#EyeAmAware campaign and Henshaws charity

  • Henshaws is one of the oldest registered charities in the UK
  • They still need your help to raise money 
  • Shaeron Caton-Rose: "It makes you realise what a fantastic gift your vision is"

In 1810 Thomas Henshaw, a businessman from Oldham, left £20,000 in his will to establish an Asylum for the Indigent Blind in Manchester. Today, that figure is the equivalent to approximately £310,682. The original blind asylum opened its doors in Old Trafford back in 1837.

Now almost two centuries old, Henshaws is one of the oldest registered charities in the UK with several locations across Northern England varying from a specialist college with sites in Harrogate and Bradford to hubs across Manchester.

Knaresborough, a charming town in North Yorkshire, is home to Henshaws Arts & Crafts Centre which works with people across the disability spectrum. Sixty three percent of those who attend the workshops are visually impaired.

Shaeron Caton-Rose, 54, workshop leader at the arts and crafts centre and artist in her own right believes eye health awareness is important, especially after experiencing first-hand the challenges that visually impaired people have to deal with.

She said: “It’s helped me to understand the complexity of visual awareness. We have visual awareness training when we start here to understand it’s really quite various.

“As part of our training, we have blindfolds, and somebody guides us. They give us glasses that make us see the way others may see. It makes you realise what a fantastic gift your vision is.”

Shaeron Caton-Rose
Shaeron Caton-Rose, workshop leader at Henshaws

The centre offers a variety of arts and crafts such as printing, jewellery making and wood-work. Shaeron’s workshop enables those who are visually impaired to work with different materials and textures depending on the extent of the person’s vision when creating a masterpiece.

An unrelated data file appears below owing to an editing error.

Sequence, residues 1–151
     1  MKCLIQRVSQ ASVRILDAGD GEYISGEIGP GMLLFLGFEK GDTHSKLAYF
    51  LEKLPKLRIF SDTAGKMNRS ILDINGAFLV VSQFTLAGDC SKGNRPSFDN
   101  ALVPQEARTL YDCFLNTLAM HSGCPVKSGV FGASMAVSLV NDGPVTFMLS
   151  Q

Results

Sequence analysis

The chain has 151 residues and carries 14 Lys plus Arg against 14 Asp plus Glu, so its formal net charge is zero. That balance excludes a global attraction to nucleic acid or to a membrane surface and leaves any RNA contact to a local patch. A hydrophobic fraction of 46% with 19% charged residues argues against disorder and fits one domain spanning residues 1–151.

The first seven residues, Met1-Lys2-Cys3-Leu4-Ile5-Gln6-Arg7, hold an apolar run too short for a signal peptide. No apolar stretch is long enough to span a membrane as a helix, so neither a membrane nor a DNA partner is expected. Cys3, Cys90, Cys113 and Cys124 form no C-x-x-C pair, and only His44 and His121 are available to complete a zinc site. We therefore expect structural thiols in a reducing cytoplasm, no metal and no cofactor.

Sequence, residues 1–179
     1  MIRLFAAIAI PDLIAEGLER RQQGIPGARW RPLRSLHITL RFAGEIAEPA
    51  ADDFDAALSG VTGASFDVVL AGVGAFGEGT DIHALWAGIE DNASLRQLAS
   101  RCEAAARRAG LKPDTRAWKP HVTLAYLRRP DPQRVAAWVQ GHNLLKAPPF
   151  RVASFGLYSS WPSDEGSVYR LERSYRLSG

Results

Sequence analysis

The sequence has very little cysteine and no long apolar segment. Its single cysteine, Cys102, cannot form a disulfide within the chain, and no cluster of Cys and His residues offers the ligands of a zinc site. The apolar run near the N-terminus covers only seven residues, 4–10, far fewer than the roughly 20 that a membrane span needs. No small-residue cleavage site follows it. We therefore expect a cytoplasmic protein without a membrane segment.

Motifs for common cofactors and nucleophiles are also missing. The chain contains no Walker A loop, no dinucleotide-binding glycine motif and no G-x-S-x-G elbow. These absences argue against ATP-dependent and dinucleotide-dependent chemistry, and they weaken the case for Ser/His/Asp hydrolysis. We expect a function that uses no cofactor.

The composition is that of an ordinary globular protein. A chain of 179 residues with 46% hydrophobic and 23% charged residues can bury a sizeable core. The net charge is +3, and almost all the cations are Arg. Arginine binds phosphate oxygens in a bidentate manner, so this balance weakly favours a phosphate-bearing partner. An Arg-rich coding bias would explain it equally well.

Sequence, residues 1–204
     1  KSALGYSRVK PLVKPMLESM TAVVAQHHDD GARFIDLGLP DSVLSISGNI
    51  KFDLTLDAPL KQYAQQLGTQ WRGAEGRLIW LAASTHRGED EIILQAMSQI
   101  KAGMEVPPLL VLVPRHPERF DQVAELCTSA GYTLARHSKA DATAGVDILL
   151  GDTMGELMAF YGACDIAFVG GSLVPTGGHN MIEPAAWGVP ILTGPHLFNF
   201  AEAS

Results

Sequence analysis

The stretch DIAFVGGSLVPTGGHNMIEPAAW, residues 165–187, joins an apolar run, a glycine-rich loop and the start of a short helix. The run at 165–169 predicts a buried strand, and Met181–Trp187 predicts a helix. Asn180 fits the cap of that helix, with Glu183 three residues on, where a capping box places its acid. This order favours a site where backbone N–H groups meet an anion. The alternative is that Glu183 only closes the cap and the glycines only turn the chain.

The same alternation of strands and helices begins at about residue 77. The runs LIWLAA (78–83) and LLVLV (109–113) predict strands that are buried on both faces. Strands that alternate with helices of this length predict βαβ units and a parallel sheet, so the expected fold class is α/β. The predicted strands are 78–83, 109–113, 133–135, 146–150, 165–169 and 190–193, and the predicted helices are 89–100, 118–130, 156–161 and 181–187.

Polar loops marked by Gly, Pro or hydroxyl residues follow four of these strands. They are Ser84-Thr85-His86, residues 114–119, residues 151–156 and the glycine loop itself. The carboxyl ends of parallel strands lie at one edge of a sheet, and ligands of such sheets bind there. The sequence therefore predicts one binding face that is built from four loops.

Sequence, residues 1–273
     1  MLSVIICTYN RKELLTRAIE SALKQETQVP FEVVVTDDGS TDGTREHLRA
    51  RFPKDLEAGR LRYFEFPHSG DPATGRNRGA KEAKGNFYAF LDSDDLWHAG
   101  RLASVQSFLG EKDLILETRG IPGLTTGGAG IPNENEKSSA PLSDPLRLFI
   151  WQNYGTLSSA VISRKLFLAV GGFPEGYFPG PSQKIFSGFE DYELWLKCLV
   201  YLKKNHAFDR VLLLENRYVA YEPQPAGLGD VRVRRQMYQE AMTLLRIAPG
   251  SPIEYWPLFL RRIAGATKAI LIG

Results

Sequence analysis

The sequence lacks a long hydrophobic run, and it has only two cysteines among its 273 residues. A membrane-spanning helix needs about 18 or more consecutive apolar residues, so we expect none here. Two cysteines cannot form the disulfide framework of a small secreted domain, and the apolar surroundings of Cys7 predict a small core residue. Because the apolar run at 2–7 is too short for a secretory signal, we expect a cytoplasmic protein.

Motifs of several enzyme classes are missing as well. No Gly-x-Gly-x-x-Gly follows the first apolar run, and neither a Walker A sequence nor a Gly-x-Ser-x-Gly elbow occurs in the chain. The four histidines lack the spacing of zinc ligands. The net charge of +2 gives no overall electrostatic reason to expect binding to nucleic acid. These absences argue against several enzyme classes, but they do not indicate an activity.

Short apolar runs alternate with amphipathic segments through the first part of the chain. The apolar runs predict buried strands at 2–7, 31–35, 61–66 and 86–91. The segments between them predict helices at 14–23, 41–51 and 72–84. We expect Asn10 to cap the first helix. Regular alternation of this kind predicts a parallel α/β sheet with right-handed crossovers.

Shaeron said: “Our workshops are designed to meet the needs of people with a wide range of disabilities. The paper workshop is very popular partly because it is accessible to people who have no useful vision.

“There is someone I see who works in that way and that’s how he makes his work because he can feel what he’s doing. I’ll ask him what colours he wants, and I support him mix a colour, but he won’t see his product it is the whole process of creating art which is important.

Art work by those who attend Shaeron's workshop
Art work by those who attend Shaeron’s workshop

Although there has been a 50% increase in fundraising from 2016-17, Henshaws still needs help to raise money for their charity which supports people living with a range of disabilities including visual impairment.

Kate Simpson, 53, community and events fundraiser at Henshaws said: “At the Arts & Crafts Centre, we’ve been very fortunate to receive funding from the Arts Council and Big Lottery Fund but it’s our job to make links with the local community and persuade them what a fantastic cause we really are.

Recently, Harrogate Round Table chose Henshaws as a partnership charity for their big bonfire that they run every year on the Stray in the town.

Fundraising events include an upcoming bucket collection at the Etihad stadium as well as a calendar full of activities in Yorkshire, Manchester and Liverpool featuring Christmas craft workshops, concerts and parties.

Visit their website find more information about the charity, their upcoming events and how to volunteer.


Shaeron Caton-Rose’s story:

Shaeron wears glasses to read, and her vision is decreasing due to age. From a regular eye check-up, she realised it wasn’t just a stronger lens she needed but an operation to prevent life changing visual impairment.

She said: “At my last appointment for glasses, they said I have really narrow ducts in my eyes. They referred me to the hospital and I’ve now got to have an operation to prevent me from getting glaucoma. I’m really glad I went for an eye test because I wouldn’t have known that otherwise. Glaucoma is quite a serious thing and it can really impair what you do.”

 According to the National Eye Research Centre (NERC), glaucoma is the most common cause of sight loss among those of working age. Due to raised pressure damaging the optic nerves, glaucoma is preventable using drops and laser surgery. While that may sound less worrying, NERC say that early diagnosis is important as damage to the eyes is irreversible.

If an immediate relative such as your mother or father has glaucoma and you are over the age of 40, you are entitled to a free NHS eye test which could turn out to be life changing.

Click here to see if you’re eligible for a free NHS eye test. Visit the #EyeAmAware website, then click here to sign the #EyeAmAware campaign petition.